Duck Off, Rowers!
Animal rights campaigner Lee Culley has pledged to protect birds from harm during the upcoming May Bumps.
Trenton Oldfield, eat your heart out. An animal rights campaigner has threatened to dive in front of Cambridge rowers if they don’t stop their murderous ways.
Lee Culley, 45, says that little birds are being mowed down by students racing their boats. On Tuesday, he dived into the river fully clothed in a failed attempt to save a dying duckling before taking the corpse to those he held responsible.
Mr Culley, who lives in a houseboat, said that this was not even the extent of the problem. Two local swan pairs risk having their entire brood “wiped out” by town and college crews during the upcoming races in Week 7.
Culley, a campaigner with Animal Rights Cambridge, said introducing speed limits in the nesting areas and putting spotters on the riverbank would help solve the problem.
Mr Culley said: “It’s just awful to be on the river and watch these ducklings and cygnets being wiped out when something can easily be done about it.
“They do not stand a chance and they are going to die unless the rowers reduce their speed in the nesting area and have spotters on the riverbank.
“The nesting area is small and the speed limit will only last until the cygnets are big enough to be able to move out of the way.”
Bill Key, president of Cambridgeshire Rowing Association, who said he is also a lifelong member of the RSPB, said rowing played an important role in the health and wellbeing of residents.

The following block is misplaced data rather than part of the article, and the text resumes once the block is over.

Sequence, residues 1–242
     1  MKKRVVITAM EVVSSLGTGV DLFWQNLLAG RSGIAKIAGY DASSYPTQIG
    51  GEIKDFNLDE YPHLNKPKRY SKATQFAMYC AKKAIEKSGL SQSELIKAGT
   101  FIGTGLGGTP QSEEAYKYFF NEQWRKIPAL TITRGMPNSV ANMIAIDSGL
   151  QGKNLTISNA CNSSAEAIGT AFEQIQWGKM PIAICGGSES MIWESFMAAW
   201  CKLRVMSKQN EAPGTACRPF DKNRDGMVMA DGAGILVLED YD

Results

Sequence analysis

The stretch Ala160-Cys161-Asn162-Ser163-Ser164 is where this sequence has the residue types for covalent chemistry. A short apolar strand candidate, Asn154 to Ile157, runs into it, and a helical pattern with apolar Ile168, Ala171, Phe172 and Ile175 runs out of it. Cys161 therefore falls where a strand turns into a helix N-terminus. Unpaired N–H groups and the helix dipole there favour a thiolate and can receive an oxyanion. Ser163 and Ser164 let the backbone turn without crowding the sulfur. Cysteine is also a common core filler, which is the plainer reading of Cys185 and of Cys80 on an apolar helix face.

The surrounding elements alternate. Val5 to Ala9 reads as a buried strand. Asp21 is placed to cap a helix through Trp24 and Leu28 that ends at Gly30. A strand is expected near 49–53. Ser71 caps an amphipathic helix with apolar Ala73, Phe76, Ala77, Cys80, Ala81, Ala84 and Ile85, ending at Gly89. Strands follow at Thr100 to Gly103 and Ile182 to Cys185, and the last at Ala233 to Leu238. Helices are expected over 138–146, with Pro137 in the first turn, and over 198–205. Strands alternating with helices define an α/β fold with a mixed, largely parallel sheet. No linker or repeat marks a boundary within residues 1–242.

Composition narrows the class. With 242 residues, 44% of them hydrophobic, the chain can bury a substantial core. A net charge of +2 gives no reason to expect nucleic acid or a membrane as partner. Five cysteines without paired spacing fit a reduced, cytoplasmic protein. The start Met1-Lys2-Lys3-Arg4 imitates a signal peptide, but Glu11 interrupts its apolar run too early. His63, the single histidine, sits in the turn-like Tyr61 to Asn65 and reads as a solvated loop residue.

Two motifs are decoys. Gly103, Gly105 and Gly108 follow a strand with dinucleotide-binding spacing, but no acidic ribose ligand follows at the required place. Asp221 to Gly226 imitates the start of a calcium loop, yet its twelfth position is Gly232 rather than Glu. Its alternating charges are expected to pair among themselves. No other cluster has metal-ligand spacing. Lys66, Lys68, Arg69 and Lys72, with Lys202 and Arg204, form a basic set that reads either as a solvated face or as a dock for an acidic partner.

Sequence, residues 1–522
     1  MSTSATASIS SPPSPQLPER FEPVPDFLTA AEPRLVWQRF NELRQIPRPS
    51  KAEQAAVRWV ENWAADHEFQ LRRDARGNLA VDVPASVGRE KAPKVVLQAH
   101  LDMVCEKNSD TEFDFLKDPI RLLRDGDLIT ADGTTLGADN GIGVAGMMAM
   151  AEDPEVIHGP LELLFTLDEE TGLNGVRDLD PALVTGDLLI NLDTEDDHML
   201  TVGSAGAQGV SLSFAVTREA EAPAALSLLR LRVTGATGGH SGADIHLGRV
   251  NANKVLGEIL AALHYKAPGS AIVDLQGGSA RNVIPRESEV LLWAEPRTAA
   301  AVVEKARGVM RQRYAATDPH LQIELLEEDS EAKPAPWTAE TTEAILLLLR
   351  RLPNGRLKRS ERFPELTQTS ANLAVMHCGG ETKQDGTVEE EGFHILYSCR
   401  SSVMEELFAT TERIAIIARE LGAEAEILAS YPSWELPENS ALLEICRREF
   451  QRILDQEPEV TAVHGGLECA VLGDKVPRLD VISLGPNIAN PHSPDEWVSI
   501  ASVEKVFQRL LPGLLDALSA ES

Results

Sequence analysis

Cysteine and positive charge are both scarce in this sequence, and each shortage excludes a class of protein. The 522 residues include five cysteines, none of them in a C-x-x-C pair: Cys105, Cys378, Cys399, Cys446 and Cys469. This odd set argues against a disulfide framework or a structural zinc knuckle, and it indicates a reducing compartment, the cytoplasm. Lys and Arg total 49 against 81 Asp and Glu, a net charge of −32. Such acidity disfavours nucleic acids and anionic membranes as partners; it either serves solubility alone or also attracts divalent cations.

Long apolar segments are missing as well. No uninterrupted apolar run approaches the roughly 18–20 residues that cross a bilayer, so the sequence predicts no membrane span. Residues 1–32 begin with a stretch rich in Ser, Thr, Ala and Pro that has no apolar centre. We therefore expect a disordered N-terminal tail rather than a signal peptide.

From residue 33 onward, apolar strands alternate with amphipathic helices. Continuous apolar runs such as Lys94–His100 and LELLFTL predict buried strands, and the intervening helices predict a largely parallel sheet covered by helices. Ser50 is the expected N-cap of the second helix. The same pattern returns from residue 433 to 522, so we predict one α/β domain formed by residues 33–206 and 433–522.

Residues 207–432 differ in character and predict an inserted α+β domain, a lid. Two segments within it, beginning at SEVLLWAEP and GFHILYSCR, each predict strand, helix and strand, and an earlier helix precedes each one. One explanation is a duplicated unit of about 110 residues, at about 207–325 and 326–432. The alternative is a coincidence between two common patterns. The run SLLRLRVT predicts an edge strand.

He said: “We are all concerned about wildlife but there comes a situation when rowing at anything but racing pace for a large part of the season is unreasonable and defeats an important aspect of the sport.”
Lady Margaret Boat Club Captain Gregor McMillan said: “‘I can’t speak for the entire oar-wielding population of Cambridge, but at Maggie we exercise our reasonable best endeavours in making sure we don’t hit anything. The wildlife also knows to keep an eye out.
‘The problem is much the same as cars and pedestrians. The cars are looking out for the pedestrians and the pedestrians know about cars, but sometimes cars hit pedestrians.
“As for jumping in the river in to save a duckling in the middle of a bumps race, I sincerely hope nobody does that. The car metaphor is pretty apt. Some of the faster Men’s VIIIs weigh more than a small car and can crank it up over 20km/h if need be. The blades are probably more dangerous still.
“Just like diving in front of a car at rush hour, diving in front of the Caius 1st Men’s VIII in an effort to stop bumps would not end well. Reporting incidents through the usual channels might be wiser”
It seems the jury’s out on whether Culley’s plans are just a load of quack.